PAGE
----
How to Choose an Infertility Clinic
April 26, 2000 (Atlanta) -- Infertility experts offer some near-universal
advice for couples trying to select a clinic: Start with SART.
Clinics that belong to the Society for Assisted Reproductive Technology
(SART) follow specific guidelines to limit the chance of such things happening
as multiple births. And couples shouldn't have too much trouble finding
"About 95% to 97% of the clinics that offer ART [assisted reproductive
technology] -- essentially, in vitro fertilization -- are members of SART,"
says Debra Crawford, of the American Society for Reproductive Medicine.
"We're actually about to start a campaign so that when patients come into a
fertility clinic, they'll know it has the SART 'Good Housekeeping'
Still, that's just a starting point. Experts also advise that couples
educate themselves, ask questions, study clinics' success rates -- and,
ultimately, follow their instincts.
All U.S. fertility clinics are required by federal law to supply the Centers
for Disease Control and Prevention with "success rate" statistics,
including the rate of twins and triplets born. The CDC compiles this
information into a report available to the public at http://www.cdc.gov/nccdphp/drh/art.htm.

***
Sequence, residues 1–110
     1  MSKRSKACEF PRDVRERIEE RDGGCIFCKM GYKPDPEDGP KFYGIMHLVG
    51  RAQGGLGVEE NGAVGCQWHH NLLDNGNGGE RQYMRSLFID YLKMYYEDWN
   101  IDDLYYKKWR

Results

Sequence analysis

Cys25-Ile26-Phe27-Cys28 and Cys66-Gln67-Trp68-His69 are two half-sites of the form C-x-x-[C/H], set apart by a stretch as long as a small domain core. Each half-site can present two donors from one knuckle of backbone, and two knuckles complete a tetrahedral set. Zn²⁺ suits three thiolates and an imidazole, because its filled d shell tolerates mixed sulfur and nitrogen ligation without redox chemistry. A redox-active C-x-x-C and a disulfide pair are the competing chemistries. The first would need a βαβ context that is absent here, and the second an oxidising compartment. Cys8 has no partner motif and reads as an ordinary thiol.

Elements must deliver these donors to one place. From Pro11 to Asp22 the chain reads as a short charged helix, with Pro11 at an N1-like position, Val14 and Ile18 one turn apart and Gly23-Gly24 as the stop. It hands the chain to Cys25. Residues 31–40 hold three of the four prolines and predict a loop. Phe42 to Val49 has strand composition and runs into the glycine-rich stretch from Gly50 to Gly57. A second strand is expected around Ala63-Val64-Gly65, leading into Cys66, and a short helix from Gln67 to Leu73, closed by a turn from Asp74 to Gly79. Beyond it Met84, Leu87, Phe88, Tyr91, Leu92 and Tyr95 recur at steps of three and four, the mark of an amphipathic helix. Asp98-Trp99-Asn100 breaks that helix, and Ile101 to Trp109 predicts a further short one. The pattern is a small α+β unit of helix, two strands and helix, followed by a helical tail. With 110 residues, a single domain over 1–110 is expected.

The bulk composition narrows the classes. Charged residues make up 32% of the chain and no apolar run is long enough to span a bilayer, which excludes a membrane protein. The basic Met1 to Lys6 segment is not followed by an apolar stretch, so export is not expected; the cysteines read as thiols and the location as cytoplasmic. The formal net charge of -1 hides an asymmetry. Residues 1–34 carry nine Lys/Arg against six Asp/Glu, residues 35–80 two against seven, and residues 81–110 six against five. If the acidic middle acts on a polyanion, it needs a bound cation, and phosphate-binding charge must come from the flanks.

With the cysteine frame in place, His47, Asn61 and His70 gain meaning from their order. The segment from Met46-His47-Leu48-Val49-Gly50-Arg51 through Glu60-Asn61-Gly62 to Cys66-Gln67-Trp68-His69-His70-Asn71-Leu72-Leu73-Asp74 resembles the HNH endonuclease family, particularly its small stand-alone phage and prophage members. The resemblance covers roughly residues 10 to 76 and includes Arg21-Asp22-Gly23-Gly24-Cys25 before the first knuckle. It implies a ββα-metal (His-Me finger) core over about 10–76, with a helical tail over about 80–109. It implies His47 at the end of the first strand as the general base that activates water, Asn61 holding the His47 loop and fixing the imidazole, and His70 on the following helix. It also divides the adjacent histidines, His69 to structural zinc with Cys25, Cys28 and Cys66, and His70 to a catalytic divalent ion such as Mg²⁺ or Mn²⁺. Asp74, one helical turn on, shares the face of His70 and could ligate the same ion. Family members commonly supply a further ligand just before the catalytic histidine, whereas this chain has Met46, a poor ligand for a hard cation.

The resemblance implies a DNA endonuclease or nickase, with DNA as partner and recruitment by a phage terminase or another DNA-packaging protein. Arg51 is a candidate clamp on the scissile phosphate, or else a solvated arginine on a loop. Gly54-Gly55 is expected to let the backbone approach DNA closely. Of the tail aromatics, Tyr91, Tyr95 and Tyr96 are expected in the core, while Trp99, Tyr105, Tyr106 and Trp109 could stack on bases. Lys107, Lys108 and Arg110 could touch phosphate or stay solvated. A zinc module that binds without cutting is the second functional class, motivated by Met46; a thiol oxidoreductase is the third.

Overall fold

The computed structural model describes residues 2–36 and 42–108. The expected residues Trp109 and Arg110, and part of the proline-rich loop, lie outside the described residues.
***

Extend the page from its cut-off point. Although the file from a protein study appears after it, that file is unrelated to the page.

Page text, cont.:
The problem is that by the time consumers get
the information, it's about two years old. That's because successful
pregnancies usually last nine months, and then there is the time it takes to
review, validate, and approve all the data.
Another problem is that the data don't
necessarily tell the whole story behind a particular clinic.
"Don't just look at the bottom line,"
advises Margaret Hollister, director of the help line at RESOLVE, a national
infertility education group based in Somerville, Mass. RESOLVE can be reached
at (617) 623-0744. "Some clinics are actually selecting for better
rates," by, for example, taking on only younger infertility patients,
Hollister says. "Other clinics may take all comers. That's something that
may not show up in success rates."
Still, the report is a good place to start.
"It's the only oversight committee we have," says Pamela Madsen,
executive director of the American Infertility Association. "They are
audited success rates, and it does give patients a lot of good
information," including a clinic's skill at dealing with the many causes of
infertility. Her guidance on this point: "The more practice you have baking
a cake, the better the cake will be." In other words, find a
Madsen says that any doctor can hang out a
shingle that says "Infertility Specialist," but patients should check
the fine print for the words "reproductive endocrinologist."
Then it's time to schedule a consultation, and,
to a certain extent, let instinct take over.
"Infertility treatment is very different
than getting treated for a stomachache by an internist. You need to feel like
you're part of a team," Madsen says. "You've got to feel comfortable
with that staff and physician, that you are cared about. If, for some reason,
the pit of your stomach is saying, 'This is not the right place for me,' it's